MovieTalk Original Content Copyright 2012 by Global Language Education Services, LLC








Presenting


Equipment and Environment

We realize that teachers sometimes have little or no control over the choice of classroom and equipment, but certain requirements must be met if MovieTalk is to be effective.
  • In selecting or arranging a classroom for MovieTalk, keep the size of your video display or TV monitor in mind, and make sure all of the students will be able to sit where they can see and hear clearly.

  • MovieTalk is especially vulnerable to noise pollution. If possible, find a room as far as possible from loud activities, or at least close the door.

  • Lighting is also important. Ideally, it should be possible to dim the lights as needed for video visibility, but without plunging everyone into total darkness. And try to make sure that the monitor is placed so that ambient light will not create glare or reflections that might spoil the view for one or more students.

  • What do you do when walking past a classroom that seems to have something interesting going on? Right: you stop and take a look. Curious onlookers may be attracted to your movie like moths to a light, and their presence may distract you or your students. It's best to keep the door closed during class.

  • To the extent that you have a selection of equipment, procure a large video display or TV monitor with good sound and audio controls. Use a high-quality DVD player with the full set of pause, slow motion, and search functions. Insist on having remote controls for the equipment; MovieTalk is much more difficult without them.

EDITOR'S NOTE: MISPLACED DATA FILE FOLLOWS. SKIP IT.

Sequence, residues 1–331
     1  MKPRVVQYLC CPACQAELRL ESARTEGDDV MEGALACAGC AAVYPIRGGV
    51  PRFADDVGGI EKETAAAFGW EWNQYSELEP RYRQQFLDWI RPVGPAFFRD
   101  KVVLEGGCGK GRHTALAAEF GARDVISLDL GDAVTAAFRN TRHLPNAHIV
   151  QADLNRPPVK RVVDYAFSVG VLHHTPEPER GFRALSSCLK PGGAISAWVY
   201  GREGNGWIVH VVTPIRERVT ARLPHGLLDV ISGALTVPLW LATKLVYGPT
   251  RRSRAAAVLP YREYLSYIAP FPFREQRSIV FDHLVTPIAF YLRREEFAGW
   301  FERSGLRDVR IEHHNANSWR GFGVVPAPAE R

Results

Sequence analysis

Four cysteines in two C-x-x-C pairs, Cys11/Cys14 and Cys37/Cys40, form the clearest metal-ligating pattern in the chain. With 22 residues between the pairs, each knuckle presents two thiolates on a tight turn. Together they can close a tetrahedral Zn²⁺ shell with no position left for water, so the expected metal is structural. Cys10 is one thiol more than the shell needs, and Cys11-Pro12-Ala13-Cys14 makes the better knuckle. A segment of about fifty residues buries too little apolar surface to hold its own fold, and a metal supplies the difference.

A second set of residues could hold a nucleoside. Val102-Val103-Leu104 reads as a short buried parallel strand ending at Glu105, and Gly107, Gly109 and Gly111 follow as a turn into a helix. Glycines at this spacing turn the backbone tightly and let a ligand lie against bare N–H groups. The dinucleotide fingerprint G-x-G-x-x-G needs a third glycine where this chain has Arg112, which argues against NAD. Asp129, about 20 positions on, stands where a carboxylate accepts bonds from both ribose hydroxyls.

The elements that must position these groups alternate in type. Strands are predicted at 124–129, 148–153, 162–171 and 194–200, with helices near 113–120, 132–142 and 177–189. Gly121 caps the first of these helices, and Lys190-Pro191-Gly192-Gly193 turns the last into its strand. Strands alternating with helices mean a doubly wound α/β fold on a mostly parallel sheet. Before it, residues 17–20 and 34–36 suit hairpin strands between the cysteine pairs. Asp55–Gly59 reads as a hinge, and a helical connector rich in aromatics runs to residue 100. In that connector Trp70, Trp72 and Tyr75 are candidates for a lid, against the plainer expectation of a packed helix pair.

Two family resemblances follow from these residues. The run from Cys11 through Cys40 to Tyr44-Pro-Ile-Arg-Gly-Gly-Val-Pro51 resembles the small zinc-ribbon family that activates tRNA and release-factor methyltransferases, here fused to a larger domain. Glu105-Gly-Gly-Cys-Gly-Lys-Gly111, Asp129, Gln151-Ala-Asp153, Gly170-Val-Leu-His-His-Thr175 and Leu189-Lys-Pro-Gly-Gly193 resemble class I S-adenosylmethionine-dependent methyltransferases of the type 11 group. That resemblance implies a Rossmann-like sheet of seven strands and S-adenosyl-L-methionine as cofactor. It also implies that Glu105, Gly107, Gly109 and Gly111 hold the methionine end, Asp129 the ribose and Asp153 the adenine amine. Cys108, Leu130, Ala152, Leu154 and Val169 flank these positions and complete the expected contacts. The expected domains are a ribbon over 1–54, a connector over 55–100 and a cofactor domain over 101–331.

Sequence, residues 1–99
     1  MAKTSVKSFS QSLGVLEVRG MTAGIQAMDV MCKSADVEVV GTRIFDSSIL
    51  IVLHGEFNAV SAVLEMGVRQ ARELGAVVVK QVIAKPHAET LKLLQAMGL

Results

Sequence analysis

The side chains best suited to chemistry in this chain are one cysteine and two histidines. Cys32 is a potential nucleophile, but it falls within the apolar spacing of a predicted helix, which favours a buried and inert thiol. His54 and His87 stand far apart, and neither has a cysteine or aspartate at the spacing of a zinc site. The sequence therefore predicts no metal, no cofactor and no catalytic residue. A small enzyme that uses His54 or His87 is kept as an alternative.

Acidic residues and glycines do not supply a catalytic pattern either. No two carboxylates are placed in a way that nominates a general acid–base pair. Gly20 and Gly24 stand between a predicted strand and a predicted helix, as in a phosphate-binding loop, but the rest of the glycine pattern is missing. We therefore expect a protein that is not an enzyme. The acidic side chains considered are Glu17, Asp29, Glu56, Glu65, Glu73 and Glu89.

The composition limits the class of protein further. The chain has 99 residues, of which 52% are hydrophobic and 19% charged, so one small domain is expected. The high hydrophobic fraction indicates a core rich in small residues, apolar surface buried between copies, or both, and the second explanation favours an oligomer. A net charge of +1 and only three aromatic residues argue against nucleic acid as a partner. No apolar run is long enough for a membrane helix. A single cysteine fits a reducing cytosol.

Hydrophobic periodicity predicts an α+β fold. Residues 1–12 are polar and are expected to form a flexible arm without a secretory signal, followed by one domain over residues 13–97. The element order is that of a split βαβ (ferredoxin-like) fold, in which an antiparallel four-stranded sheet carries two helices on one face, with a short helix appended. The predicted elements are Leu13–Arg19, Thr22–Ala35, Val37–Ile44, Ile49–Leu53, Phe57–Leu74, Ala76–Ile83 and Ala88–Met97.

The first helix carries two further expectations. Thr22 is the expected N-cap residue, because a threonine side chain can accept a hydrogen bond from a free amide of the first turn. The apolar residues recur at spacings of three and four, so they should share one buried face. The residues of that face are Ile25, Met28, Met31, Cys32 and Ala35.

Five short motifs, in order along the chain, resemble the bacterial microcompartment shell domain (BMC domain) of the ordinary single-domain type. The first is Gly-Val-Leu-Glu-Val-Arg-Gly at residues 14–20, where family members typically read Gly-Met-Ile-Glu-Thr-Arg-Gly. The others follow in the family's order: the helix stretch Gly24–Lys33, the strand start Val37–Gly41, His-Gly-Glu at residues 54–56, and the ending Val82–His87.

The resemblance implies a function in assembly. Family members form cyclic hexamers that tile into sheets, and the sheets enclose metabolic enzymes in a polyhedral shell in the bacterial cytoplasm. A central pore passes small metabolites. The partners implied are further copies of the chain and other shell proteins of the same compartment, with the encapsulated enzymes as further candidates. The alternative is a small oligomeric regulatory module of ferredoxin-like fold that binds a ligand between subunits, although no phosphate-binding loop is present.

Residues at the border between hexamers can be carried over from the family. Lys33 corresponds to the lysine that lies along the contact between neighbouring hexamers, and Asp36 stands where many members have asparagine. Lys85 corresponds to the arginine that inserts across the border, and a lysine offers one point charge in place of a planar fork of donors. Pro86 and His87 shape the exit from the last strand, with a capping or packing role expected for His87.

• Make sure you know how the video controls work before you start! You don't want to be looking frantically for the pause button, in dim light, while the movie plays on and on. 

Presentation Cycle

The presentation cycle that we recommend assumes that you have divided your movie into short presentation segments (PS), usually from one to three minutes in length, as explained in our earlier discussion of preparation.
  • We recommend that you play each PS twice.

  • The first time, play it through without pausing or commenting in any way. This has three major benefits:

    • It gives the students a preview of the PS, allowing them to become acquainted with the visual content. This helps them form a cognitive framework into which your subsequent input can be incorporated. Rather than having to deal with new scenes and new MovieTalk input simultaneously, they are presented with only one new thing at a time.

    • It gives you a perfect opportunity for a last-minute review of the PS, allowing you to silently rehearse the narration and other input that you have already planned.

    • It gives your voice a rest.

  • Then go back and play the PS a second time, while presenting your MovieTalk input.

    • Use the pause and back controls as needed to keep the screen image synchronized with your MovieTalk input.

    • Pausing a scene gives you time to point at the parts of the scene that you are referring to.

    • Paraphrases, pantomimes, sketches, etc. should be done while the movie is paused.

    • Occasionally, you may want to let a scene play while narrating the action, perhaps in slow motion, perhaps with the sound temporarily muted if necessary to make yourself audible.